Grad student Do wins best poster award

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By Shawn Adderly, ECE ILLINOIS
November 24, 2010

  • ECE graduate student JaeWon Do won the best poster award at the International Vacuum Congress that was held in Beijing China in August.
  • Do has been working on his method to transfer high-quality graphene that is synthesized on copper to any desired substrate such as silicon.
  • The advantage of his method is that it preserves the quality of graphene by not performing wet etching.

Jae Won  Do
Jae Won Do

ECE graduate student Jae Won Do, who works in ECE Professor Joseph W. Lyding’s research group, won the  best poster award for demonstrating a simple method for transferring graphene layers by electrostatic force at the International Vacuum Congress that was held in Beijing China in August.

Graphene is a single sheet of carbon atoms that are arranged in a honeycomb lattice. Because of graphene’s distinctive electrical, thermal, and mechanical properties, material scientists and electrical engineers are looking to graphene to build next generation of electronic devices .The 2010 Nobel Prize in physics was awarded to two scientists for their research work in graphene, so Do’s work is in a very hot field.

Do has been working on his method to transfer high-quality graphene that is synthesized on copper to any desired substrate such as silicon. Do received the award in part due to its potential technological applications.

The advantage of his method is that it preserves the quality of graphene by not performing wet etching, which is generally used to transfer graphene from its growth substrate to any desired target substrate.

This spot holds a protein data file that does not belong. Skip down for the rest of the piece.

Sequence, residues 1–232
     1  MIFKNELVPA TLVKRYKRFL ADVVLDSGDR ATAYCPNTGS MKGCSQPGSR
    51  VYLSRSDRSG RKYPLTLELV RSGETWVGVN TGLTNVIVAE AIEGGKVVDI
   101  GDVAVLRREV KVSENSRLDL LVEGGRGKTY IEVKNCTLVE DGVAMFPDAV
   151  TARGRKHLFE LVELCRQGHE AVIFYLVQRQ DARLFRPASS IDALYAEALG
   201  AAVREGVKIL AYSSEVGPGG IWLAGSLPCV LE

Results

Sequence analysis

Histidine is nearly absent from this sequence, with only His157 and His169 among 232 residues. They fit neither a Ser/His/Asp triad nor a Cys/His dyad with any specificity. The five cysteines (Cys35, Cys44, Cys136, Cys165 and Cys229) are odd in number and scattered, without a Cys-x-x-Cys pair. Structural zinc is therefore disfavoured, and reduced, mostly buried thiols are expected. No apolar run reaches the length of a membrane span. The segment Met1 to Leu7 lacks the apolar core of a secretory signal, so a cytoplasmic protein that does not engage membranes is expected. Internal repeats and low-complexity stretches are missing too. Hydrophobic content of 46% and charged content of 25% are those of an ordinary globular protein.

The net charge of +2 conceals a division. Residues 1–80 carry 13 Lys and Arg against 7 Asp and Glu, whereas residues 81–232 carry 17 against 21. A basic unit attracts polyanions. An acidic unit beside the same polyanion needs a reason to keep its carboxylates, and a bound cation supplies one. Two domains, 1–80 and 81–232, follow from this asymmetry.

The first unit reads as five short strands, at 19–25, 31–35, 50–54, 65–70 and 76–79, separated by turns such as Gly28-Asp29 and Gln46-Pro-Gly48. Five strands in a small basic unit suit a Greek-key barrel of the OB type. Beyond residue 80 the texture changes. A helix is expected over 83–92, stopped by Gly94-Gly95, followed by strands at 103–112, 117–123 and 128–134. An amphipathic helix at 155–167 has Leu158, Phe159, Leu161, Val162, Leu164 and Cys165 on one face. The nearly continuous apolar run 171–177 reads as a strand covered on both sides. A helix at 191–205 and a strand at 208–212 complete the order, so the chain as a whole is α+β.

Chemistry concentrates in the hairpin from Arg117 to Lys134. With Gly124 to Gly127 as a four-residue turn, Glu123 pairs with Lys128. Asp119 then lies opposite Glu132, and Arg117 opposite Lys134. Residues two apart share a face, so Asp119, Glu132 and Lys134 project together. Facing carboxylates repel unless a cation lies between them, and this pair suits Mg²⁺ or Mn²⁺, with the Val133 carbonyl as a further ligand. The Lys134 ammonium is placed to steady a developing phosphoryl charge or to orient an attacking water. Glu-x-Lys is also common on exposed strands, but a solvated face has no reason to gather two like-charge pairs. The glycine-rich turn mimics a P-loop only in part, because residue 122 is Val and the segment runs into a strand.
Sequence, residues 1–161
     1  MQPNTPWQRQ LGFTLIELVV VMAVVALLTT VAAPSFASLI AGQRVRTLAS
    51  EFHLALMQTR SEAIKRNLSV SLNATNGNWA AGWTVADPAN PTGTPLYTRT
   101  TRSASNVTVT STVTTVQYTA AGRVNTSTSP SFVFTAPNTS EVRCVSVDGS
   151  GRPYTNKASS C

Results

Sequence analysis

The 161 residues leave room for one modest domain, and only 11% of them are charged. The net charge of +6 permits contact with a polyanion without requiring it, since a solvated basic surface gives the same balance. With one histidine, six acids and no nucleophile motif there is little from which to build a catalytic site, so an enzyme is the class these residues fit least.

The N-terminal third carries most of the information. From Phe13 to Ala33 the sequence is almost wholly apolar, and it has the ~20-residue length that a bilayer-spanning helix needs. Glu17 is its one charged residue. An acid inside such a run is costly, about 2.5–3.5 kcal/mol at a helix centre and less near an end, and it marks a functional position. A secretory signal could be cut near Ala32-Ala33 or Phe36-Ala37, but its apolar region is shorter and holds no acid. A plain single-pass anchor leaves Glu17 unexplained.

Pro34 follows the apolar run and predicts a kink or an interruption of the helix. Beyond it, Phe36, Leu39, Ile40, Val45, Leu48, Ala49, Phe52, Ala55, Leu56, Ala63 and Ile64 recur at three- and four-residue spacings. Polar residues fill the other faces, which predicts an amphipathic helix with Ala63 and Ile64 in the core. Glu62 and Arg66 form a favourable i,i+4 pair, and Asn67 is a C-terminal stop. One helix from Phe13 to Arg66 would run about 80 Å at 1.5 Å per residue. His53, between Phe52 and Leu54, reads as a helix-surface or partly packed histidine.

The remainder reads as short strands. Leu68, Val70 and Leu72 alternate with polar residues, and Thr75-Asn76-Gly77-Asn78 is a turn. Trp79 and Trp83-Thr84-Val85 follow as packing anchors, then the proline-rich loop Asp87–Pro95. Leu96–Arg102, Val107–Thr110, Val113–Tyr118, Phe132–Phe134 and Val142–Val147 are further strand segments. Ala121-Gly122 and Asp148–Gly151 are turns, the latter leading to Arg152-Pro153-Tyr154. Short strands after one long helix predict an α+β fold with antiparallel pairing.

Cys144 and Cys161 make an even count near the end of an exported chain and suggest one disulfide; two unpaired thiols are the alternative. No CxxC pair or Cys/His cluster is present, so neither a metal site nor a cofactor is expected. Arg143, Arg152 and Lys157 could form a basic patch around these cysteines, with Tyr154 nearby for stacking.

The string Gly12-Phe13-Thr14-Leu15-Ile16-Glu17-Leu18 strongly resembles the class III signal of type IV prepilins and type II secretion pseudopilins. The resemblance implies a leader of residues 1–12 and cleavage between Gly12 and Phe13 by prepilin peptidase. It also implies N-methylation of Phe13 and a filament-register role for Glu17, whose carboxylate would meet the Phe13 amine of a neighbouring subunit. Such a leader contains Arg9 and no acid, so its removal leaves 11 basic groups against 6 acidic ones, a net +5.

“Graphene quality degrades due to residue incorporation and wrinkle formation that result from wet etching,” Do said.

Do was also able to examine the interaction of graphene to its copper substrate by varying the electric field during the transfer. Using Raman spectroscopy, which is an optical technique that is very sensitive to materials defects, he found that more defects were not necessarily introduced during the transfer.

Lyding said that he foresees many technological applications for Do’s methodology. “His method represents an innovative approach for constructing graphene-based devices,” he said. “The method he uses avoids many of the steps and contamination issues.”

Do said he will continue to look at ways to transfer graphene between the target substrate and the copper substrate more uniformly, as he pursues his PhD with Lyding.

Editor's note: media inquiries should be directed to Brad Petersen, Director of Communications, at bradp@illinois.edu or (217) 244-6376.

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